Cybersecurity - What About the Threat from Within?

Securing your organisation’s data from breach, leakage, ransomware and social engineering is critical. Although external hackers make the headlines, a large percentage of data leakage is caused by trusted employees. In this article, we discuss how organisations can best protect their data, both reactively and proactively, from ‘the threat from within’.

This article was first published in the Orient Magazine, 25th September 2017.


By Gino Bello, Senior Director - Technology, FTI Consulting 


Securing your organisation’s data from hackers, whether your customers’ privacy or valuable intellectual property (IP), is critical. The threat from external parties, whether a breach or leakage, ransomware or social engineering, causes financial and reputational damage. But so does the threat from trusted employees. Although ‘outsider’ hacks make the headlines, 43% of data leakage is caused by trusted employees1. So how do organisations best protect their data, both reactively and proactively, from ‘the threat from within’?



In today’s competitive world, the value of IP increases. Internal and external parties recognise this. Theft of trade secrets and software by South East Asian countries cost USD$600 billion a year2. Two out of three departing employees take confidential business information with them3. Although ‘outsiders’ are generally threats that have been addressed with traditional security measures, preventing and detecting insiders is more challenging using ‘cookie-cutter’ measures.

What’s at Stake?


Beyond monetary and reputational loss, workplace data theft – for example proprietary, confidential, or copyrighted – is problematic. Theft may occur to profit from the sale of data, to form competing enterprises, or trying to get ahead with new employers. Employers need to be agile so that employees have appropriate access to data to perform their duties, but secure enough to satisfy their mandatory obligations. In today's digital world, data theft from customer contact databases, sales, marketing, business and strategy plans, designs, formulae, research or source code is easy.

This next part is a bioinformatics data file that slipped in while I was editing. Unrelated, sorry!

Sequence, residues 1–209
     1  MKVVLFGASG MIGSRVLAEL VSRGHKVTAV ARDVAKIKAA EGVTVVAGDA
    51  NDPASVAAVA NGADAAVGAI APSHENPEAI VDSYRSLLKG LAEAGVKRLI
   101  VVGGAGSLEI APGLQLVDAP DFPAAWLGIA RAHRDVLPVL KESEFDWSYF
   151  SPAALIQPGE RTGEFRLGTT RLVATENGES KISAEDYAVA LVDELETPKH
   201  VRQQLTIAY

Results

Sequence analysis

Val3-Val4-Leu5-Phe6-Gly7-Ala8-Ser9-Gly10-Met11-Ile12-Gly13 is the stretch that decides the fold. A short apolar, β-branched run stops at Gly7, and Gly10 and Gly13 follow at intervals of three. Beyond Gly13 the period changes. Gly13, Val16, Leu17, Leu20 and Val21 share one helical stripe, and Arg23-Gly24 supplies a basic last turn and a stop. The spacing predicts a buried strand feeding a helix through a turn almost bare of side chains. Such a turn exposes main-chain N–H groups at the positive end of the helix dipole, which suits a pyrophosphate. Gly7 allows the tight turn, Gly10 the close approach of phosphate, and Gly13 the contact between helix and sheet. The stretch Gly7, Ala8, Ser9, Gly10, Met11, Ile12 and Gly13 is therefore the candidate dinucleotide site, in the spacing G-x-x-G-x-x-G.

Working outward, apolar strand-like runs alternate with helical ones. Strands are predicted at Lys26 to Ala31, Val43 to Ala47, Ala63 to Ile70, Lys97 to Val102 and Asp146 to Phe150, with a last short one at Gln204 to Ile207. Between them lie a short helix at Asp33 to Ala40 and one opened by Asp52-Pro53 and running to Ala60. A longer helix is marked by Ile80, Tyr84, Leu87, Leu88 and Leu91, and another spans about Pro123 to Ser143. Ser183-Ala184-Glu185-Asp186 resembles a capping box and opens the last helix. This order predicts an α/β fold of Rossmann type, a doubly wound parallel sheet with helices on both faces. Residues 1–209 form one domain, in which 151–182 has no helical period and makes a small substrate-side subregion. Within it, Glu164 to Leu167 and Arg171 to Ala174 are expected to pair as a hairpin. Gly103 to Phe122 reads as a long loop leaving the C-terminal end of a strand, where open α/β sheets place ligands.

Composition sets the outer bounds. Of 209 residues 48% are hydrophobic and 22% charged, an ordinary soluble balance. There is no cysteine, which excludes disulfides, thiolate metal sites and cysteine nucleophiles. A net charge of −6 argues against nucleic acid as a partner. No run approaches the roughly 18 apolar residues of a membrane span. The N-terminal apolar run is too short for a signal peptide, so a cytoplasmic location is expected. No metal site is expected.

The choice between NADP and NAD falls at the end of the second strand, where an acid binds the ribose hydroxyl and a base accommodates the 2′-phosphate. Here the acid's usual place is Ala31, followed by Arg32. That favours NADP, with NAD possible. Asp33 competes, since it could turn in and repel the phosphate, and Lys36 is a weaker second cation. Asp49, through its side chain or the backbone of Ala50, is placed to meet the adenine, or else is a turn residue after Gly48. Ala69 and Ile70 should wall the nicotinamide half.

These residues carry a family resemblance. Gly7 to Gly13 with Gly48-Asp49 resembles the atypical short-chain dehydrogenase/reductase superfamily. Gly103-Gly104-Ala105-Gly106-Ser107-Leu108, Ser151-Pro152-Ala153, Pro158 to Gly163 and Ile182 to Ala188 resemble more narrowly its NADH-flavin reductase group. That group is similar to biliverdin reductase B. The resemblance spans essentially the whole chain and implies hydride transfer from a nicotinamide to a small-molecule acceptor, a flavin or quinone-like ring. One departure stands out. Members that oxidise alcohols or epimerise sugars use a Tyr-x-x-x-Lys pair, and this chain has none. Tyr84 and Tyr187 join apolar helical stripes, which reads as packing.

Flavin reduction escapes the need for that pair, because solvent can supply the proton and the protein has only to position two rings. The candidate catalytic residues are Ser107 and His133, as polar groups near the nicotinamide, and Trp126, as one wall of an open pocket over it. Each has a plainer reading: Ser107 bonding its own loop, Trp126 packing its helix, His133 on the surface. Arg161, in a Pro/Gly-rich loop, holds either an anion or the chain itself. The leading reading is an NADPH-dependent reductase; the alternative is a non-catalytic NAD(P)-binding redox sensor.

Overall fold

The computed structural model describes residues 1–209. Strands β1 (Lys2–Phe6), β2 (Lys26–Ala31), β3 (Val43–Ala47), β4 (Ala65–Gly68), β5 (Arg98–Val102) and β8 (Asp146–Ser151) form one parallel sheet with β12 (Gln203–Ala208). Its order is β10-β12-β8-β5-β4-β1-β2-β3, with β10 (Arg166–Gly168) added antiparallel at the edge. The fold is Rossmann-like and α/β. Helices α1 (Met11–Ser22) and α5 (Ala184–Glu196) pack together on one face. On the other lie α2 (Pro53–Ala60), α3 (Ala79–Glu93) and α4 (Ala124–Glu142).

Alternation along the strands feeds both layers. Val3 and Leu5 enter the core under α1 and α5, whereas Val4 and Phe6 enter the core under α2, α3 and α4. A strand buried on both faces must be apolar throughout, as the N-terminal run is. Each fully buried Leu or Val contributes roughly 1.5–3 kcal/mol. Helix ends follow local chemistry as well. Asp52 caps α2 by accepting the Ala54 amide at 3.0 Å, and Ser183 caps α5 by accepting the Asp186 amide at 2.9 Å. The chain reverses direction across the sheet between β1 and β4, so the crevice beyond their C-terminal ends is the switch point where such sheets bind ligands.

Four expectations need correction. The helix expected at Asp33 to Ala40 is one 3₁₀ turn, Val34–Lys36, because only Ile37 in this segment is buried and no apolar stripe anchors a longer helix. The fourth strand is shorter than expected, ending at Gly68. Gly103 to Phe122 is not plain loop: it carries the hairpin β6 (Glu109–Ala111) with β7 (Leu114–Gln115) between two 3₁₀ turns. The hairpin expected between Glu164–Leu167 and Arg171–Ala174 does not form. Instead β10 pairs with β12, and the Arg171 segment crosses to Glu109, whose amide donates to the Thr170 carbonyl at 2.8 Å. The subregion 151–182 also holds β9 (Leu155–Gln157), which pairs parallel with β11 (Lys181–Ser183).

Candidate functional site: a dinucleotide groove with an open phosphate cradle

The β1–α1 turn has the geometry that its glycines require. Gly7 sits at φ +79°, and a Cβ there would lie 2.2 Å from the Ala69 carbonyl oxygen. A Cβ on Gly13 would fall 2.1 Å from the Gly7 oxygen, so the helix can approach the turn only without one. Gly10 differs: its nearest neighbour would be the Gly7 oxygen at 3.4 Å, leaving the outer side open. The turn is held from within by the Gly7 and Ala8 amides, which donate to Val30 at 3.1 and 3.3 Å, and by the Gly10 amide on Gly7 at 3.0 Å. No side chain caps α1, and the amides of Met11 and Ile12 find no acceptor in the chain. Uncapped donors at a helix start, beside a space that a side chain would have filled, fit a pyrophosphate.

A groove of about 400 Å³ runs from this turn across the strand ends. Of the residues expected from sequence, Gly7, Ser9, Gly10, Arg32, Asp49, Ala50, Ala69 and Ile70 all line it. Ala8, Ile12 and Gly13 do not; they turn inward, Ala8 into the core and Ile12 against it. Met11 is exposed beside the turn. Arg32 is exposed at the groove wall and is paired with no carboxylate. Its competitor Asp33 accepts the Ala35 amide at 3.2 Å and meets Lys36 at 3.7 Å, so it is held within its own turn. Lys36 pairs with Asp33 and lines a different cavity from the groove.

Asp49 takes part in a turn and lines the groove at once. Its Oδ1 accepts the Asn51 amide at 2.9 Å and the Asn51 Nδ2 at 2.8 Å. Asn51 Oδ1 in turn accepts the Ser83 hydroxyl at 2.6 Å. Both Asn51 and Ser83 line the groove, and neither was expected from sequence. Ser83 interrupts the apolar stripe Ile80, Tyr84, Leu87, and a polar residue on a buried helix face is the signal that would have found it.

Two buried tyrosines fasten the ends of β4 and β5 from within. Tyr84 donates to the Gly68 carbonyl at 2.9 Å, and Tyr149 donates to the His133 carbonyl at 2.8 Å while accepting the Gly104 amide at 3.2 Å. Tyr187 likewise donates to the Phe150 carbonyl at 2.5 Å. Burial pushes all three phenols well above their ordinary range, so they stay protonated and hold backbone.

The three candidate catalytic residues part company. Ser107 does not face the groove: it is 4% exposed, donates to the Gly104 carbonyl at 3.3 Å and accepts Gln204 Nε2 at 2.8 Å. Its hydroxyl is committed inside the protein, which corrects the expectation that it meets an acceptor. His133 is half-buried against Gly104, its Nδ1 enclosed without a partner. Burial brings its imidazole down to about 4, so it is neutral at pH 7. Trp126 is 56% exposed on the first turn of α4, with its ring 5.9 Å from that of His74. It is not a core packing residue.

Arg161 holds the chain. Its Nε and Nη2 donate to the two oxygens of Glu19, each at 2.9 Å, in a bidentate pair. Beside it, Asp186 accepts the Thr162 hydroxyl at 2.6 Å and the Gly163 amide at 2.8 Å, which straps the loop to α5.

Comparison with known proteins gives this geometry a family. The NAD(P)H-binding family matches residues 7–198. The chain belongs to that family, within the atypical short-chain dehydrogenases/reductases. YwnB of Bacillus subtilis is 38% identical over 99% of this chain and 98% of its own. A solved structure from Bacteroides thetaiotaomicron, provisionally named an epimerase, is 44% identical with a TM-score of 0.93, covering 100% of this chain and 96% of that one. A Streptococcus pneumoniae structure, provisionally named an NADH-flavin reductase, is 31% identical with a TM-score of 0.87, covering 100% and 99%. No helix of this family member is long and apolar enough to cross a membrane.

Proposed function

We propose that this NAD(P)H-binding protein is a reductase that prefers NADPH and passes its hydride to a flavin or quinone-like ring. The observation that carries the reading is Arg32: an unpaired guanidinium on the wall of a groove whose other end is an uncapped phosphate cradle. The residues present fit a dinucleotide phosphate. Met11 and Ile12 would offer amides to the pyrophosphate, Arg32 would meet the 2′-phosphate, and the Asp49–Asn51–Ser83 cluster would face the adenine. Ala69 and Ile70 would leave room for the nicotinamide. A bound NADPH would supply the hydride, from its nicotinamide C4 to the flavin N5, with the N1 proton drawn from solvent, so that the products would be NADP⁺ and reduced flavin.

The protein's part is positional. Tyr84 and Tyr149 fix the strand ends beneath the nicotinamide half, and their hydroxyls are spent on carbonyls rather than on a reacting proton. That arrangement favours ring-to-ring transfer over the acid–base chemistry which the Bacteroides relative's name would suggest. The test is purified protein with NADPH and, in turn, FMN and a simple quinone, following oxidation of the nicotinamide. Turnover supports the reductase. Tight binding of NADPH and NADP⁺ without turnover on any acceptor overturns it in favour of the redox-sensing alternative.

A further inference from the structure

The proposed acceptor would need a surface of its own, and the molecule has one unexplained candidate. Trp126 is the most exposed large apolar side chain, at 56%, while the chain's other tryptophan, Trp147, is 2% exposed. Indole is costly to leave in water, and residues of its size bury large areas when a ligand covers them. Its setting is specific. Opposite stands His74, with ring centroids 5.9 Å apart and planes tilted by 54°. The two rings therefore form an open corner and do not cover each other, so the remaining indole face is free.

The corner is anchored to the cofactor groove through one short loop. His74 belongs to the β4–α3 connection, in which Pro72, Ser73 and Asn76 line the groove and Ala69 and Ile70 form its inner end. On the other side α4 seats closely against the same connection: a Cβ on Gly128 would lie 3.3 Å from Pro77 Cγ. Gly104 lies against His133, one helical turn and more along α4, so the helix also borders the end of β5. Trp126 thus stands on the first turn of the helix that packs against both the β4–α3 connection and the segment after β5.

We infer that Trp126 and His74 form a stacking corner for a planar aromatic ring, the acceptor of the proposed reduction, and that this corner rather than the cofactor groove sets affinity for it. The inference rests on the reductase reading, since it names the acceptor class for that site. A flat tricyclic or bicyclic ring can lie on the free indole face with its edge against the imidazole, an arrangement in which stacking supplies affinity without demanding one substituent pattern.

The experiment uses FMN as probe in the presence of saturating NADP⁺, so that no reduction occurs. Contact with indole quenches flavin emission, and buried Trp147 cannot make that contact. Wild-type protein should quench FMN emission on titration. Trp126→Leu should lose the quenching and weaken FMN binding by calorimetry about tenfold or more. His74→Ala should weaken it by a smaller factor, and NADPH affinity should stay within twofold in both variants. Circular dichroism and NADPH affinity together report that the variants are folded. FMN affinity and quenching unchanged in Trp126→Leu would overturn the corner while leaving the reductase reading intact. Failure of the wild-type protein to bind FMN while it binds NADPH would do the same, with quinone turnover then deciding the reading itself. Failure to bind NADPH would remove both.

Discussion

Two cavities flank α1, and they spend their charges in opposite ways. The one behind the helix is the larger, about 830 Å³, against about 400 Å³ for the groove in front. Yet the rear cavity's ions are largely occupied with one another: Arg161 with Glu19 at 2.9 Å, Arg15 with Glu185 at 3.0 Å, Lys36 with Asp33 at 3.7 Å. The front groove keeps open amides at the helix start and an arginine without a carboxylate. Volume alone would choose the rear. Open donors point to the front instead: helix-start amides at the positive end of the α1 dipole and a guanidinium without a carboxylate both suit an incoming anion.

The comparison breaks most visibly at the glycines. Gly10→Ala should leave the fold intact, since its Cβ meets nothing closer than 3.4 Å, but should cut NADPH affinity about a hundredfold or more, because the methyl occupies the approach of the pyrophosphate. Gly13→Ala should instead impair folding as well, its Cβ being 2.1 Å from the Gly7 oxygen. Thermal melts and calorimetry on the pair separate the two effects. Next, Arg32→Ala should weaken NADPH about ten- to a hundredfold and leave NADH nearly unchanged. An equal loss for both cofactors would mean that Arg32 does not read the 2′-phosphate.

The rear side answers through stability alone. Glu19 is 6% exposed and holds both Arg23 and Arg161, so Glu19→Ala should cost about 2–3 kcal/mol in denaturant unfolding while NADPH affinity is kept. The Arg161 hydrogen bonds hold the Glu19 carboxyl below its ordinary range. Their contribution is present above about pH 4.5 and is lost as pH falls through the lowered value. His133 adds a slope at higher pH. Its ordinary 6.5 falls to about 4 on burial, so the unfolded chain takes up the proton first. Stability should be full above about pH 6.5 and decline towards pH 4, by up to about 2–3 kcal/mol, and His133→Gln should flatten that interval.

Investigation – Responsive


Once an organisation suspects misconduct, they should consider bringing in computer forensics specialists to preserve and analyse IT assets, rich in evidence. Computer forensics specialists are armed with techniques to find the ‘smoking gun’. They can interpret subtle clues left by thieves to create a comprehensive account of the theft and identify the compromised data. With the evidence compiled by experts, organisations can mitigate the potential damage and bring perpetrators to justice. 
Types of digital evidence:
More common assets include laptops, desktops, servers, email accounts, smartphones and external storage devices. Newer, non-traditional types of digital evidence can include cloud, social media, open source intelligence, GPS / activity-based mapping paths, language / sentiment analysis and ‘clickstream’ analysis.
Any IT data destruction or retention policies that could inadvertently destroy evidence should be suspended. Once the suspect’s assets have been determined, the forensics team can create images of hard drives, as well as secure copies of email, network folders, use of document management systems (DMS), and customer relationship management (CRM) databases.
A Forensic Image:
An exact, bit-for-bit, defensible, and validated copy of source digital evidence and is used to preserve the original data for law enforcement, trial or investigation.  A forensic image can be taken of laptops, desktops, servers, mobile and other portable devices.
Retracing Steps – Analysing the Evidence